PQH Single Special Liquidator has recovered more than 600 million euros from 2016 until today, achieving the annual objectives set in its business plan that bears the seal of the Bank of Greece, while the recoverability rate is at 1.4% and is in line with performances achieved by systemic banks.
The above recovery rate was achieved despite the difficulties created by the fact that PQH's bad loan portfolio is in liquidation, for an average of more than seven years, while it was already in arrears before the banks went into liquidation.
It is recalled that the creation of a single liquidator, who would take over the management of the bad debt from banks that went into liquidation, was an obligation of Greece's third bailout agreement in 2015.
Sixteen banks have been placed under the management umbrella of PQH: Agricultural Bank, Post Office Savings Bank, Proton Bank, Probank, FBB - First Business Bank, Panhellenic Bank, Achaean Cooperative Bank, Lamia Cooperative Bank, Lesvos-Limnos Cooperative Bank, Dodecanese Cooperative Bank, Cooperative Bank of Evia, Cooperative Bank of Western Macedonia, Cooperative Bank of Peloponnese, T-Bank (formerly Aspis Bank) and ATELEASING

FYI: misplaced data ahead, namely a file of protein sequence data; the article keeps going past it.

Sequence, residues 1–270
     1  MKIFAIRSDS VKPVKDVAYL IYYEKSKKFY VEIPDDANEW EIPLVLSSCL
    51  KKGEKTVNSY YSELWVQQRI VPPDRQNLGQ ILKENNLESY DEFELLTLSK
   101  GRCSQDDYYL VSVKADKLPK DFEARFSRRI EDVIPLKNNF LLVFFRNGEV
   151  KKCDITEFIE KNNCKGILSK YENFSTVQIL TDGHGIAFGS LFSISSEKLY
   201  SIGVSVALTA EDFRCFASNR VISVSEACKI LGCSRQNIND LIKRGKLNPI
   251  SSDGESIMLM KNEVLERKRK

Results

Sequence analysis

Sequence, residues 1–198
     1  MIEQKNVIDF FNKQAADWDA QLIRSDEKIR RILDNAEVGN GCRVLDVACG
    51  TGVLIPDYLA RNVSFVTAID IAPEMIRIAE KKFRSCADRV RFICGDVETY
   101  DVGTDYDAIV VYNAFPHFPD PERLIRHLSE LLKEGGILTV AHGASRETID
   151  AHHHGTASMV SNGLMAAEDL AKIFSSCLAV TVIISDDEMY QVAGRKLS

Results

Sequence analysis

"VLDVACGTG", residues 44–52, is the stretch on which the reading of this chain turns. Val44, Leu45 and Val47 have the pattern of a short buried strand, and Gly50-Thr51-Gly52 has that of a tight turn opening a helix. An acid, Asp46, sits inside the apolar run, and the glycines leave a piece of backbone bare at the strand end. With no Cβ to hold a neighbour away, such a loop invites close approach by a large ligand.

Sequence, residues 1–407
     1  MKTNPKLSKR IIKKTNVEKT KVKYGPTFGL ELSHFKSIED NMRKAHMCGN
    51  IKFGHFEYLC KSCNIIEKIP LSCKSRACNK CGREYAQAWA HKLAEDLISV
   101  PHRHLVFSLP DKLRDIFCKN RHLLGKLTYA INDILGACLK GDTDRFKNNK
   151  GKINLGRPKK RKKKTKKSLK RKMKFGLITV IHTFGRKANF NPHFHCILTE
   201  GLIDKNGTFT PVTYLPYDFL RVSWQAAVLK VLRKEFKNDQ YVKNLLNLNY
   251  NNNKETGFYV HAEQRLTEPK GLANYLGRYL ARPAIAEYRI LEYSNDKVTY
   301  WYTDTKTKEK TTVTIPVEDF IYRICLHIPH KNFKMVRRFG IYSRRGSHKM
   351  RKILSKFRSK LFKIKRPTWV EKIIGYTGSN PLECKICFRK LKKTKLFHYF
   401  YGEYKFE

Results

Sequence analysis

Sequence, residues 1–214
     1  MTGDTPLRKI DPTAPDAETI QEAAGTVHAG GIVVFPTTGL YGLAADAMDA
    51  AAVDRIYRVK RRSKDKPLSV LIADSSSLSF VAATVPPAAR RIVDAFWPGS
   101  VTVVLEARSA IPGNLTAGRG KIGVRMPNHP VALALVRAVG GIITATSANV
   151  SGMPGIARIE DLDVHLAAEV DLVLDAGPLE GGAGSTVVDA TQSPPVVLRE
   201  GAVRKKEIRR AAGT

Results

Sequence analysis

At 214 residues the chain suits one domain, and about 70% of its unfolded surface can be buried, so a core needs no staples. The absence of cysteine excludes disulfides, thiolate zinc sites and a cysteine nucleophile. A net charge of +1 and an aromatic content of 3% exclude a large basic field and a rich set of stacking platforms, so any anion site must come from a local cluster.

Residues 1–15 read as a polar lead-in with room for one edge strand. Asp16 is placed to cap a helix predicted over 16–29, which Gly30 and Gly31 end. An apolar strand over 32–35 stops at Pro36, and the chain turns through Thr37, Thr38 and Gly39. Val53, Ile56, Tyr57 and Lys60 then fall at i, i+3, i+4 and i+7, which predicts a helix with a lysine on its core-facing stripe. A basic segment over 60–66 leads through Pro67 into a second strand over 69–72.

The total assets of the above institutions amounted to 10.5 billion euros when they came under the control of PQH and consisted of problem loans of all categories (retail, business, leasing).
Of the 600 million euros recovered by PQH, around 226 million euros was the result of settlements and loan restructurings, while about 54 million euros was recovered from the liquidation of real estate.
A total of 470 million euros have been distributed in the last 5 years, of which approximately 300 million euros went to the Hellenic Fiaincials Stability Funs (HFSF) and the Hellenic Deposit and Investment Guarantee Fund (TEKE), while within 2020 PQH will proceed with the distribution of an additional 85 million euros.
Sales of portfolios
In December 2019, PQH proceeded with the sale of a non-performing loan portfolio, Aeolos to Intrum, at a price corresponding to 7% of the outstanding capital (1 billion euros), which is the second-best unsecured portfolio price in Greece.
The highest price for the sale of similar portfolios (9%) was achieved by National Bank's Mirror project, while the third highest price (6%) by Eurobank's Zenith project.
As noted by banking sources, this price was achieved despite the age of the portfolio, the heterogeneity of its composition as well as the limited guarantees offered to the buyer.